ELLENSBURG, Wash. -- Fourteen counties have been given the go ahead to move to Phase 2 of reopening, while other counties with low numbers - like Kittitas - still don't have an answer.
Phase 2 of reopening under Gov. Jay Inslee's plan allows for things like nail and hair salons to reopen, along with restaurants at 50 percent capacity.
"The majority of what we're hearing is that people are really struggling and really wanting Phase 2 right now. They wanted phase two when we applied, so having to wait three weeks has been pretty excruciating in our county," says Kasey Knutson, public information of Kittitas County Public Health.
After submitting their application three weeks ago, it seemed like a sure thing. After all, the entire county only had 16 cases total.
"And then we had an outbreak," says Knutson.
The outbreak earlier this month at Twin City Foods moved the county's cases from 16 to 66 and put their application for the variance on pause.
Public health officials say they're confident the outbreak is under control, and hope the state will see that and give them the green light by May 26.
If the state denies the application, some says businesses will reopen anyways.
"It's not even a threat on saying that, its not trying to be disrespectful, unfortunately people cannot continue to go on like this, says Jessica Karraker, who's running for Kittitas County Public Commissioner.
Karraker created a group called the Kittitas County People's Coalition, with roughly 900 followers.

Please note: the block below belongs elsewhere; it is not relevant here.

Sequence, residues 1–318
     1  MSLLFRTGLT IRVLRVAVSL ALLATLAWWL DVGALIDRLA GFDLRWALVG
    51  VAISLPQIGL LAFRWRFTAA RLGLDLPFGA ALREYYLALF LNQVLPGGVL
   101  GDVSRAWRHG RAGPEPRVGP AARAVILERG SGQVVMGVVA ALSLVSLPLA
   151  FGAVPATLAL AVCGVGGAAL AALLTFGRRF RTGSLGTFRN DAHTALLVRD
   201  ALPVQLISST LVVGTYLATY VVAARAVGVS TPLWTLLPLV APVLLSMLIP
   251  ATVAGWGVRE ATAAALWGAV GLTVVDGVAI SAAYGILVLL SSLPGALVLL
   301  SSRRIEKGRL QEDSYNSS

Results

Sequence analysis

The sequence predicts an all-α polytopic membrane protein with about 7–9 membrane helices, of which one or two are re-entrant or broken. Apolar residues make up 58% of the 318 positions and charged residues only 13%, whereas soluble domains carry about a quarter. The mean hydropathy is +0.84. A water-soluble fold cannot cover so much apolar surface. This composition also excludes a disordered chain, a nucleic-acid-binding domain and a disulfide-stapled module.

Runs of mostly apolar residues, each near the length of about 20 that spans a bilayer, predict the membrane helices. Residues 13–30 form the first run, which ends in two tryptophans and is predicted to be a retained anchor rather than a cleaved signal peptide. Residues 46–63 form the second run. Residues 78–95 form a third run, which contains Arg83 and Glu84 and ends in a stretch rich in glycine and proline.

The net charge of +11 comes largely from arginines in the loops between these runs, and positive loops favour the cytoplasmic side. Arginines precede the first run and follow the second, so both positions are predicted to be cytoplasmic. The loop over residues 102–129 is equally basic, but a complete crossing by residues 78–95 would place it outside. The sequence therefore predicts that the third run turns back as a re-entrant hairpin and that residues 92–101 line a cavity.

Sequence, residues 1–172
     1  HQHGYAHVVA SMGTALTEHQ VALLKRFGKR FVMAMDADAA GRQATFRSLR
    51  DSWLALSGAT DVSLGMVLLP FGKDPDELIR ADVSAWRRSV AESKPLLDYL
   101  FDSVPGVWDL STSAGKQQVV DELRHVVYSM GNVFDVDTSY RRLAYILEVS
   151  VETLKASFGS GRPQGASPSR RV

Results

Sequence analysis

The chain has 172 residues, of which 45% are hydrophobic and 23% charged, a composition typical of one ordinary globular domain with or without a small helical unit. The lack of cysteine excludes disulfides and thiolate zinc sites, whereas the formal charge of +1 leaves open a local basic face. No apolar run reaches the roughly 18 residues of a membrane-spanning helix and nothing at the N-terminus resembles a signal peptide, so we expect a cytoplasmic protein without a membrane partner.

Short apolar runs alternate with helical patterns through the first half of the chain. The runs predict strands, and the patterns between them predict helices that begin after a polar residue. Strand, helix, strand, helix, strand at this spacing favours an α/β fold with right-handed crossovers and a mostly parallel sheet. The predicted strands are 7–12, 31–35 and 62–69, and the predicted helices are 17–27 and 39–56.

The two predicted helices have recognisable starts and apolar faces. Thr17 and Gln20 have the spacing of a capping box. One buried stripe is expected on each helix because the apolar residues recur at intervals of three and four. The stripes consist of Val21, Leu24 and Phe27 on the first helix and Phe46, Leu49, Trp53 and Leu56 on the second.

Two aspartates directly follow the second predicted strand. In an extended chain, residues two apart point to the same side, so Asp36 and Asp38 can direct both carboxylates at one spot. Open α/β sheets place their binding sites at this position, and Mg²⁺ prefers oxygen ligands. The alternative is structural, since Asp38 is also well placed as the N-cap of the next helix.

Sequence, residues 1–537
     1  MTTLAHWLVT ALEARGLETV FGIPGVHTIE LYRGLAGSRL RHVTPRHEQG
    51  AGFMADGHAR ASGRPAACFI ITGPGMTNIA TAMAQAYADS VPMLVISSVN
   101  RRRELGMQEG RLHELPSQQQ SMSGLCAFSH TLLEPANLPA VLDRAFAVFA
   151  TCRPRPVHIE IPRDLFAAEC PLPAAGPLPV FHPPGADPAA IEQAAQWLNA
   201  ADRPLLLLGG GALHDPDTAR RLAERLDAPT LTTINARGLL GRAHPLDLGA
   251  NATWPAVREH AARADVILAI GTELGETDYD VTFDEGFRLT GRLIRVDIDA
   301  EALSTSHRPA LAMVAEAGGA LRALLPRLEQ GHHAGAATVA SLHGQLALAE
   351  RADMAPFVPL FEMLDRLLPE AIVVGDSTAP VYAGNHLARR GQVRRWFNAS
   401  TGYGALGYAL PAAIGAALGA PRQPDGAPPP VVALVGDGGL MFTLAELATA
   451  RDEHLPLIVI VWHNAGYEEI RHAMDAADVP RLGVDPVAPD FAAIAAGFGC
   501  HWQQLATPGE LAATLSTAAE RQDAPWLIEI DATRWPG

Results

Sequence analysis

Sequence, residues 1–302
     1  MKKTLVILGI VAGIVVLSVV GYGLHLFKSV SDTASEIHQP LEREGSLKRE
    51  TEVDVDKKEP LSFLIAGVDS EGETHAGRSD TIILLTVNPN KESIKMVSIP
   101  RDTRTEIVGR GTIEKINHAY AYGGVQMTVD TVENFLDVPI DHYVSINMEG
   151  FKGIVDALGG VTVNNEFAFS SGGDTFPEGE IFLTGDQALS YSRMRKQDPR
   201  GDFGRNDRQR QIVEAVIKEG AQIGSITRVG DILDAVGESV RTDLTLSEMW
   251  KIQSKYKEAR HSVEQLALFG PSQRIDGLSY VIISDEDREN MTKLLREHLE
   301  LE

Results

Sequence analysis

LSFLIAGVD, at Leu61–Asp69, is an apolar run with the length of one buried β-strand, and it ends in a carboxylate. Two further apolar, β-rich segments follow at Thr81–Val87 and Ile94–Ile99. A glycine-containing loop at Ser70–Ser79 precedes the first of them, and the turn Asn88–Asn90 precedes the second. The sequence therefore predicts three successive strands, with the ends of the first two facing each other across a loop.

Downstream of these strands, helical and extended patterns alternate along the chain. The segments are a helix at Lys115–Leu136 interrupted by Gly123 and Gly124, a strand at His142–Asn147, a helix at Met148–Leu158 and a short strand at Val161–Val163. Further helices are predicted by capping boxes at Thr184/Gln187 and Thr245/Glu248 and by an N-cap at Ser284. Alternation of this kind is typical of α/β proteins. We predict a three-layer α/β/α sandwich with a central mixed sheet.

Though her auto shop has been able to remain open during the pandemic, she says business is still badly hurting.
"The entire goal of this shutdown was to flatten the curve, the goal was to not overrun our hospitals, that never happened in Kittitas County. Now we're being punished by a phase approach, we did what we were asked to do, the carrots always there, and the goal post and the carrot continues to move, when is enough enough?"
Karraker says the outbreak shouldn't keep the county at a standstill.
"Every single business owner that I know in this county wants our community to remain safe and healthy. The ones that were shut down were never given the opportunity to show that they could, in fact, keep their customers, clients, and their families safe and healthy ... we're never going to go back to how it was before the virus outbreak, just like 9/11, we never went back to what airports were like after the emergency, so I want us to give the opportunity to give small business owners to do the right thing and to reopen safely."
The Kittitas Public Health Department says their citizens frustration is understandable, and they see how much it's affecting so many.
"It's not just physical health, it's emotional health, its financial health, it's all of those things," says Knutson.